Climate and Environmental Variability during the late Middle Pleistocene at the Paleolithic Sites of Schöningen, Northern Germany

Project: Research

Project participants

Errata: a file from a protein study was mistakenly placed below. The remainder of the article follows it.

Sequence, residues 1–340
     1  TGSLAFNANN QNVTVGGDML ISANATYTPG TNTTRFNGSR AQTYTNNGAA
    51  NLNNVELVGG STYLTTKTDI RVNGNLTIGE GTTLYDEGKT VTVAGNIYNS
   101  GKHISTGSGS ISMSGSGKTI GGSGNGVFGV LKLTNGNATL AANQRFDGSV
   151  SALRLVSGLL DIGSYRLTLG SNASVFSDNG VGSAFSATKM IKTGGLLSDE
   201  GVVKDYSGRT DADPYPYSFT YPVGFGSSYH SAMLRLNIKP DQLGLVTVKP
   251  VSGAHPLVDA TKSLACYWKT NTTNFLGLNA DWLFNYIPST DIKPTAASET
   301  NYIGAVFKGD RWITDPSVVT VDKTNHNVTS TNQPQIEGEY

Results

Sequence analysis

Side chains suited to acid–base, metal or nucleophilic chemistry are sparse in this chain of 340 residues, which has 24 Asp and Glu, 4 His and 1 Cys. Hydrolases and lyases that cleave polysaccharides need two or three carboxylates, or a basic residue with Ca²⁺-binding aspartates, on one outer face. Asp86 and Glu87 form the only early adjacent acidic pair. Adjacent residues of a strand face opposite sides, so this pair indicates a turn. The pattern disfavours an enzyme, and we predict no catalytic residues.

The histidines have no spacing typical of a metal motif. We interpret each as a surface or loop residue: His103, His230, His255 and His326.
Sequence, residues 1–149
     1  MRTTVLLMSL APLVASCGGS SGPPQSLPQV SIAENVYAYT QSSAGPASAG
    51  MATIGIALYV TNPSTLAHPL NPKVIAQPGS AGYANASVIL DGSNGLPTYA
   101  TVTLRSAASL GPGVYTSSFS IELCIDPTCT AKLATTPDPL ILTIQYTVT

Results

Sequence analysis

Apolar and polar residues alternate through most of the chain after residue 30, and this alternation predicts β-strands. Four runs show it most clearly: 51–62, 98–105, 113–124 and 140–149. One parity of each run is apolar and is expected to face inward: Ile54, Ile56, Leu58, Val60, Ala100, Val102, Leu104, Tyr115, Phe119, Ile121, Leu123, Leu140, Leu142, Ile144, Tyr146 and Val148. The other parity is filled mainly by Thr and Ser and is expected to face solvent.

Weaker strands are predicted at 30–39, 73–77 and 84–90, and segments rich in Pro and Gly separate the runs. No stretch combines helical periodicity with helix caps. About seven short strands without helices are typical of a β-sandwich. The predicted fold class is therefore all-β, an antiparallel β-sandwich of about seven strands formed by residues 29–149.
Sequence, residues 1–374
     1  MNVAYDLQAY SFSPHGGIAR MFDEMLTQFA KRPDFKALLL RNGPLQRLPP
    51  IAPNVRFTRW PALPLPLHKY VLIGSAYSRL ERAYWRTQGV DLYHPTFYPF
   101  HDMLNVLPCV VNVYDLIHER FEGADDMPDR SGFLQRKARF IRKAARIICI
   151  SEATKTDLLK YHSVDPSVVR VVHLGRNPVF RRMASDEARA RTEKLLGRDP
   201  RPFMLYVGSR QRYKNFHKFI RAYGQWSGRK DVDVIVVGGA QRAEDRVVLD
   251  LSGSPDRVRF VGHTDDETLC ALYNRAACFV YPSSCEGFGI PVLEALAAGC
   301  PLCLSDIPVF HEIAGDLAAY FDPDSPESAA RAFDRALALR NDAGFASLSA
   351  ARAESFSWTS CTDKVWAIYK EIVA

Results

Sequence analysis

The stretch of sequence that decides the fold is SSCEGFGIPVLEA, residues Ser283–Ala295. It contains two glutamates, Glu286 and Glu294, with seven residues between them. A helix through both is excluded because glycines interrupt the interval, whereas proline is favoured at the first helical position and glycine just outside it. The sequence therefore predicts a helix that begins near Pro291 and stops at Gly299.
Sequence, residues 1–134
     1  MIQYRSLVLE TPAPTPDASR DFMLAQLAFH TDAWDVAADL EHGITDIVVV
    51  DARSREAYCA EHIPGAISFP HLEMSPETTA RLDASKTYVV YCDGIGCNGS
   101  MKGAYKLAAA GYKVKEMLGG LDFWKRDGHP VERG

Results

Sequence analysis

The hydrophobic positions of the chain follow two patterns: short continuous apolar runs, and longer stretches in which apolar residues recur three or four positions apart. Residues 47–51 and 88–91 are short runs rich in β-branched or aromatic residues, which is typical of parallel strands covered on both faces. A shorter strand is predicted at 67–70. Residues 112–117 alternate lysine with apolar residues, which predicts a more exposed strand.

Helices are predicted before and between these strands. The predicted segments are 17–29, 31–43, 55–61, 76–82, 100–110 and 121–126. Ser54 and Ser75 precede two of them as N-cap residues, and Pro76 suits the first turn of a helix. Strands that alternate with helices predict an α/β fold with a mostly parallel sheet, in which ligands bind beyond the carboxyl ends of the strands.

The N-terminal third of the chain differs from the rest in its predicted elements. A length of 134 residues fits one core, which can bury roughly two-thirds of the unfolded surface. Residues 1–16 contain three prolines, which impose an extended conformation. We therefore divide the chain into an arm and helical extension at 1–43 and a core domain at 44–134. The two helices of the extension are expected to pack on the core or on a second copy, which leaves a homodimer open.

The Lower Paleolithic sites in the open-cast lignite mine of Schöningen, eastern Lower Saxony, have become internationally renown because of their worldwide oldest wooden hunting weapons associated with abundant faunal remains. These findings indicate hitherto unknown organized hunting and complex and abstract thinking of Homo heidelbergensis. Embedding in sediments of a former lakeshore led to an exceptional preservation of remains of an outstanding diverse flora and fauna. Concurrently, the extraordinary complete sequence of Middle Pleistocene sediments allows a high-resolution climate and environmental reconstruction of a mid interglacial to early glacial about 300,000 years ago. We propose to investigate aquatic microfossils (diatoms, ostracodes, gyrogonites of charophytes) as well as pollen and non-pollen palynomorphs along with sedimentological and geochemical parameters of five stacked lacustrine sequences of the Reinsdorf Interglacial and subsequent early glacial in order to address the following three interlinked topics: (1) A high-resolution reconstruction of climatic and environmental variability during the interglacial and into the early glacial period and the correlation with other northern hemisphere terrestrial and marine sites will result in a better understanding of the natural climate evolution of a terminating interglacial and contribute to clarify the controversial stratigraphic classification of the archeological sites and deposits. (2) Lake level reconstructions and characterization of the depositional environment are proposed to detect the lakes development and to assess underlying causes. (3) Using samples from the archeological layer 13 II-4, preserved in sediment blocks, a detailed 2D reconstruction of the habitat structure of the litoral zone of the paleo-lake will be performed in order to assess the environment and hunting strategies of Homo heidelbergensis and evaluate the embedding conditions of artifacts. By combining geobiological, geochemical and archeological results we propose to contribute to a more consistent picture of Pleistocene climate development and the habitat of early humans and their cognitive skills, and to clarify the stratigraphical position of these Middle Pleistocene deposits.